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Ex-Colleagues Ask Help Solving Mexican Attorney's Death

They fear that rights lawyer Digna Ochoa's fatal shooting a year ago will remain unresolved without foreign assistance.

October 19, 2002|Chris Kraul | Times Staff Writer

MEXICO CITY -- Trying to breathe new life into an inquiry growing colder by the day, former colleagues of human rights attorney Digna Ochoa renewed an appeal Friday for international help in solving her shooting death, which occurred one year ago today.

Edgar Cortez, Ochoa's onetime colleague and now director at Miguel Agustin Pro Human Rights Center here, said that without help from outside forensic specialists and criminologists, the investigation faces "the risk of becoming just one more unresolved case in this country."

Cortez announced that his organization had withdrawn from the investigation, and complained that the case had dragged on without resolution. He spoke at a news conference to mark the anniversary of the shooting.

The Mexico City attorney general's office, which in August appointed its third special prosecutor to head the high-profile investigation, has admitted that the case has been mishandled. But the current prosecutor, Margarita Guerra y Tejada, said Thursday that she is committed to bringing it to a transparent end.

The Inter-American Commission for Human Rights, a unit of the Organization of American States, agreed in June to send a forensic team to review evidence in the case, Cortez said. But the team has yet to arrive because of a dispute over who should pay for the review and because of questions over whether its findings would be valid in a Mexican court, sources close to the case said Friday.

The commission met in Washington on Friday to review the Ochoa case and others, but it was not immediately known whether it had decided on any action. Guerra y Tejada spoke at the hearing.

Ochoa's body was found in her office, kneeling and slumped over a sofa, with point-blank shots to her head and leg. Her pistol was on the floor beneath her. A letter placed nearby threatened others in her human rights office "if they continue."

The death of the 37-year-old former Roman Catholic nun was initially described by government officials as a political murder and framed in the press as a test for President Vicente Fox's promise to do away with gangsterism and impunity.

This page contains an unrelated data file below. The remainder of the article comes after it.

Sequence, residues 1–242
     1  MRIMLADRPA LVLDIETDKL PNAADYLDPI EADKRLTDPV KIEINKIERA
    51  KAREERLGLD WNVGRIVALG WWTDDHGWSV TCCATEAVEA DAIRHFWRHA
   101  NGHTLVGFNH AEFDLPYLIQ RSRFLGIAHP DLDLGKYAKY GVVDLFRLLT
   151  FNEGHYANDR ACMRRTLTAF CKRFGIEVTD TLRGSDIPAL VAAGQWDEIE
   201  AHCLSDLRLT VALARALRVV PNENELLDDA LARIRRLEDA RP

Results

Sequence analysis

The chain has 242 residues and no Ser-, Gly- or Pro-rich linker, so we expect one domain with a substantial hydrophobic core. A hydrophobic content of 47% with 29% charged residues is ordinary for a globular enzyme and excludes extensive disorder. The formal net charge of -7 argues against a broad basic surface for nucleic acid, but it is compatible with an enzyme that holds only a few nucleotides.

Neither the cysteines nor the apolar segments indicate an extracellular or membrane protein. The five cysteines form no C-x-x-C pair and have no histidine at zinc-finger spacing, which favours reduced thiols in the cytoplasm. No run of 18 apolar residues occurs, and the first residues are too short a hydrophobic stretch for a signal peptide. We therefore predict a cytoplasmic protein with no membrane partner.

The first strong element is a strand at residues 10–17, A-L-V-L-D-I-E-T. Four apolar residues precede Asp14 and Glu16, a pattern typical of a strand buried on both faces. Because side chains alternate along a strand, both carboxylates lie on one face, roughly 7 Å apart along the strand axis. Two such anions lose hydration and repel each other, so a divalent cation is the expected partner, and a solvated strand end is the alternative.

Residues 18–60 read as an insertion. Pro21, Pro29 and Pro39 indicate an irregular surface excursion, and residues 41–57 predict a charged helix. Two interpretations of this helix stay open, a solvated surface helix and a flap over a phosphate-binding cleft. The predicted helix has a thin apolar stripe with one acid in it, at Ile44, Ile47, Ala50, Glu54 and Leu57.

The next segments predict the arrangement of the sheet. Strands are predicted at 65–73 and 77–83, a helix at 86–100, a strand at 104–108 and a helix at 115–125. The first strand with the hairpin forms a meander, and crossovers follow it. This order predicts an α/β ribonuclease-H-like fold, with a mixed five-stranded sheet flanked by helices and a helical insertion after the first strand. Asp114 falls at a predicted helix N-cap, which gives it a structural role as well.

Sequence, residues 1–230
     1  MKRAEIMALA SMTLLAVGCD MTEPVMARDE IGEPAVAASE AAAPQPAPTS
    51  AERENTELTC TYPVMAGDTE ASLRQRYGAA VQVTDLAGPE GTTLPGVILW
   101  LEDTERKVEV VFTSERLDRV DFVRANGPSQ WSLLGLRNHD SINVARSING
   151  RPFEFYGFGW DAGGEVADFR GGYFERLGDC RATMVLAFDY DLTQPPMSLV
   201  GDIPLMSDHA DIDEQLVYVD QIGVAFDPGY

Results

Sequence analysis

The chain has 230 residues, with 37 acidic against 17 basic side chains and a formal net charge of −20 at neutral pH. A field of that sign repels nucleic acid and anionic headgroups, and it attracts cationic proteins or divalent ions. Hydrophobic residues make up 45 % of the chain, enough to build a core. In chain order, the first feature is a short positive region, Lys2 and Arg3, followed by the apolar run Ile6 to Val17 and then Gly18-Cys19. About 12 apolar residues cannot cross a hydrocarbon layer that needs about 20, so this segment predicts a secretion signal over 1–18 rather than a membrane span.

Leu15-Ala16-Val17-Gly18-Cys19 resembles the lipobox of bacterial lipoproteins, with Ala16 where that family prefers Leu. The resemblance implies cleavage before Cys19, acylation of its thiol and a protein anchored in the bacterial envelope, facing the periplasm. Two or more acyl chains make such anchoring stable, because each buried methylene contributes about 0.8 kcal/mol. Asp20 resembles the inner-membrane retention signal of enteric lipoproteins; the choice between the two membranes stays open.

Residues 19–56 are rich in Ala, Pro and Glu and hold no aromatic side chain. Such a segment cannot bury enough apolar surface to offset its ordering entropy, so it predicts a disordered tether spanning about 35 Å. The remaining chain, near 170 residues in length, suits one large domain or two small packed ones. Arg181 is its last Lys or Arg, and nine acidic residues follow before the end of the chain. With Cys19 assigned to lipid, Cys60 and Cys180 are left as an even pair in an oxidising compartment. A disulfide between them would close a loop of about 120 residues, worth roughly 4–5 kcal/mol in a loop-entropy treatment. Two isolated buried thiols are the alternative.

Ochoa had made an ample number of enemies and drawn many death threats because she had defended left-wing guerrillas and students, as well as ecologists who had sought to block illegal deforestation in Guerrero state. The year before her death, Ochoa had received the American Bar Assn.'s Human Rights Award, honoring her for courageous legal defenses.

Her murder case took a twist last spring when Mexico City officials told reporters that investigators were working on the hypothesis that Ochoa was emotionally disturbed, had falsified death threats and committed suicide. That theory enraged members of her family.

At the Friday news conference, Cortez said that his organization did not have a position in the suicide-versus-murder debate, only that it wanted the government to solve the case.

In the text of her remarks at the Inter-American Commission on Human Rights hearing, Guerra y Tejada acknowledged that evidence in the case had not been properly handled.

"Some witnesses called to declare did not do so with clarity and specificity," the prosecutor said, adding that a psychological profile of Ochoa prepared by the prosecution team contained "deficiencies."

In a telephone interview Thursday, Guerra y Tejada said that no line of inquiry would be discarded. She added that 20 witnesses had been called since she took over the case and that 30 more were due to testify.

She hopes to bring the case to a close in a matter of months.

"I've had very little time on this case," she said. "I was named in August, but have only been fully involved for a month. At this point, this is not so much a case of analysis as it is of deciding what evidence is useful and what isn't. I have no opinion whether it was a homicide or suicide. We're still looking at the evidence ... and calling witnesses."

But Jesus Ochoa y Placido, a brother of the victim, said Thursday night that he feared that Guerra y Tejada was following the same "false line" of investigation as previous prosecutors because she had asked him and his brother Ismael to supply saliva samples to her office.

If the samples match those on envelopes containing the death-threat notes that his sister said she received, it would bolster investigators' earlier claim that Ochoa had falsified the threats.

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